To have another large conurbation then subject to the continuing and continuous aircraft noise pollution must surely be a major retrograde step.

The Thames Estuary location with its substantially increased capacity means it is likely British Airways would move there lock, stock and barrel, like it did when it relocated to Heathrow Airport’s Terminal 5 when it opened.

This would virtually reduce Heathrow to a non-hub function, obviating the need for interlinking between there and the estuary, as well as substantially reducing the macro-noise problem at present at Heathrow.

Also who is going to guarantee that High Speed 2 will be built, and when, for Birmingham to be a sound investment solution? The High Speed 1 facility is already in existence nearby for the estuary location.

Finally, as regards accessibility to workers and passengers, other worldwide coastal solutions, Hong Kong, Japan, et al, do not appear to suffer a problem with their locations from that aspect. East London is as good as West London for this aspect.

  • John Franklin (F), 11 The Ridings, East Horlsey, Surrey, KT24 5BN


HS2: get Prince Charles involved

While Prince Charles was visiting One Great George Street it would have been a good time to ask his views on the present High Speed 2 proposals.

Environmentally friendly sustainable development - I think not.

The whole project should be built following the line of existing motorways but completely in tunnel, thus saving future generations the inevitable noise, visual intrusion, weather delays and the considerable ongoing costs associated with future landscaping and surface maintenance.

  • Peter Hardy (M), peter@hardy.uk.net


Let’s get serious about climate change

I was disappointed to see a picture of a fortune teller above a letter about climate change, especially in the issue where Prince Charles urges the Institution to take climate change seriously (NCE 9/16 February).

The picture backs up the frivolous nature of the letter and the caption appears to endorse the content.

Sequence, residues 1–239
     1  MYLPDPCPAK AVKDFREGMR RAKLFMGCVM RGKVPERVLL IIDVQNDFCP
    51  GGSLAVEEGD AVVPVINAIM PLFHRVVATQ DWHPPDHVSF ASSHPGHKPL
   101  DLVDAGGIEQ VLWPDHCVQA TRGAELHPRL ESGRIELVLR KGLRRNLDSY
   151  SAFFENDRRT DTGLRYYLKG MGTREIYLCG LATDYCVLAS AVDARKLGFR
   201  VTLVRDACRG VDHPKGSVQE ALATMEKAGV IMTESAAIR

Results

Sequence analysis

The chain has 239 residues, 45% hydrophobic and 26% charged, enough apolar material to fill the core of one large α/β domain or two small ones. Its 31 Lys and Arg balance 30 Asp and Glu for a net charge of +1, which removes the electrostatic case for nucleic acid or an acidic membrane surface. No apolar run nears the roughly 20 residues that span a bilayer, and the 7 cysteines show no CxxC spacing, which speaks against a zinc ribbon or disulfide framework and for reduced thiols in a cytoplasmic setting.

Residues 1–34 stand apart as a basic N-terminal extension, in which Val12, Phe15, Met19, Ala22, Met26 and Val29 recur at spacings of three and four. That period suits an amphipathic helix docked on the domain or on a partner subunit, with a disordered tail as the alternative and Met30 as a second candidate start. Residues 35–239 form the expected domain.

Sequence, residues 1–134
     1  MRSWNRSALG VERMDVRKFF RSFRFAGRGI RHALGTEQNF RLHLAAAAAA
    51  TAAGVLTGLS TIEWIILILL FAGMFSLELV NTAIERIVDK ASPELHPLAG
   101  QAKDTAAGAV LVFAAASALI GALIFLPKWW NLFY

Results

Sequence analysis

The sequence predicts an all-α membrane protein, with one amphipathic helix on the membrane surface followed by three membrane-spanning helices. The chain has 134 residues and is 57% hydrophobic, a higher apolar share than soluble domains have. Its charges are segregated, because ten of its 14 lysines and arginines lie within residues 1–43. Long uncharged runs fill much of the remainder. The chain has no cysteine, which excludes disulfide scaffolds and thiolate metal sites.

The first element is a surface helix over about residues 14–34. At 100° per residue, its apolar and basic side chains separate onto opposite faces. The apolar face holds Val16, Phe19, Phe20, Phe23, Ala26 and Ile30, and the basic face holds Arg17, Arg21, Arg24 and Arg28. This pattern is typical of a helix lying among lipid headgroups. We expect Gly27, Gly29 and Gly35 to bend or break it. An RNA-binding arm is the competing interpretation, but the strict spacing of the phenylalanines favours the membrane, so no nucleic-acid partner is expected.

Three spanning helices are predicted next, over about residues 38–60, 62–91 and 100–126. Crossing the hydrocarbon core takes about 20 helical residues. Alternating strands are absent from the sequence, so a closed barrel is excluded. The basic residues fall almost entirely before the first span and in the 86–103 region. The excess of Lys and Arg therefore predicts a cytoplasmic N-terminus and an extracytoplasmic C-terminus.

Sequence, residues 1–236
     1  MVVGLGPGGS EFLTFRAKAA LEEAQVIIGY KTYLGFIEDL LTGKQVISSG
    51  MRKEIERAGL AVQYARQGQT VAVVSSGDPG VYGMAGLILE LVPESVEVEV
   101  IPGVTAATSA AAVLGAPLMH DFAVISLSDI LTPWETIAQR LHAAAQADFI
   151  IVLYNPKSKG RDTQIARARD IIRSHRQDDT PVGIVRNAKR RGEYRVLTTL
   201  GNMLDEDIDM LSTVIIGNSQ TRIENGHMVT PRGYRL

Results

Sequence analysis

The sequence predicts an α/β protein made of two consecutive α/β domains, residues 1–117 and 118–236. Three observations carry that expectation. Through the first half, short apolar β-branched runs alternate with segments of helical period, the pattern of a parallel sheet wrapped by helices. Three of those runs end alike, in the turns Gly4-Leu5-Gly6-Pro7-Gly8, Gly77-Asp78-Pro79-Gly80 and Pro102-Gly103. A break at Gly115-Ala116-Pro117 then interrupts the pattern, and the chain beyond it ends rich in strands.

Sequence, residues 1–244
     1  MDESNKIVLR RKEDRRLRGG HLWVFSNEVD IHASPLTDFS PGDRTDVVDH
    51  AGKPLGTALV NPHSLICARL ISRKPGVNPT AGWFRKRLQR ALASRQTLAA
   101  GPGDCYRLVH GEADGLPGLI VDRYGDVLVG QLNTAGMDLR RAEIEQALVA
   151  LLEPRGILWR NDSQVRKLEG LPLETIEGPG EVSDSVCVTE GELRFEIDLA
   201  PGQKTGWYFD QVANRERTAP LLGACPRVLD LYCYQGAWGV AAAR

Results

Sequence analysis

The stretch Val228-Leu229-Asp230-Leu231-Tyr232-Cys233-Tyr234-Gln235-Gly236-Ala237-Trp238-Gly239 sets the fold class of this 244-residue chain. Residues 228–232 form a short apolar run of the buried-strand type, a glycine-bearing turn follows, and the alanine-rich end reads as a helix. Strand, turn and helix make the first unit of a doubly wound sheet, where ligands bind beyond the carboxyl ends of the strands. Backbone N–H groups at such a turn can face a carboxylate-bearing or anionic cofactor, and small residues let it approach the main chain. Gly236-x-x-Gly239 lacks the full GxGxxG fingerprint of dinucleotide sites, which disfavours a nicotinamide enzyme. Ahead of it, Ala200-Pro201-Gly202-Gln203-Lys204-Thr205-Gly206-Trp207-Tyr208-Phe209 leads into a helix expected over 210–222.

The large changes that we are making to greenhouse gases in the atmosphere will have a profound effect on our climate. Greenhouse gases trap heat in the atmosphere and it is difficult to see how a doubling or even trebling of carbon dioxide would not have a large effect.

Whatever the accuracy of climate models we cannot escape this fact. Climate projections are the best information that we have to help plan for the future. Although modelling is difficult and imperfect, it is better than burying our heads in the sand and just hoping for the best.

A range of factors influence warming and the scientists do what I, as a structural engineer, would term a sensitivity analysis of the complex interactions. Climate change deniers use the scientific rigour of the researchers to imply that the science is flawed “and indicates a lack of faith in their own figures” (NCE 9-16 February).

To see how science has been distorted over the years, read Merchants of Doubt by Oreskes and Conway. This shows special interest groups have misled governments, and the public, from tobacco not causing cancer to climate change being a liberal conspiracy.

  • Adrian Pope (M), AKPope@btinternet.com

Abingdon goes back on the agenda

abingdon

Surely the present drought situation throws into doubt the decision not to go ahead with Thames Water’s Abingdon Reservoir.

This was one of the most short-sighted decisions in public water supply for decades.

Not only would it capture winter runoff in the River Thames to reinforce supplies into the London area, it could be used to relieve the environmentally damaging low-flows in the River Kennet by allowing the closure of the pumping station at Axford which starves the river of water at its top end.

  • Rodney Bray (M), Newbury, rodneycbray@googlemail.com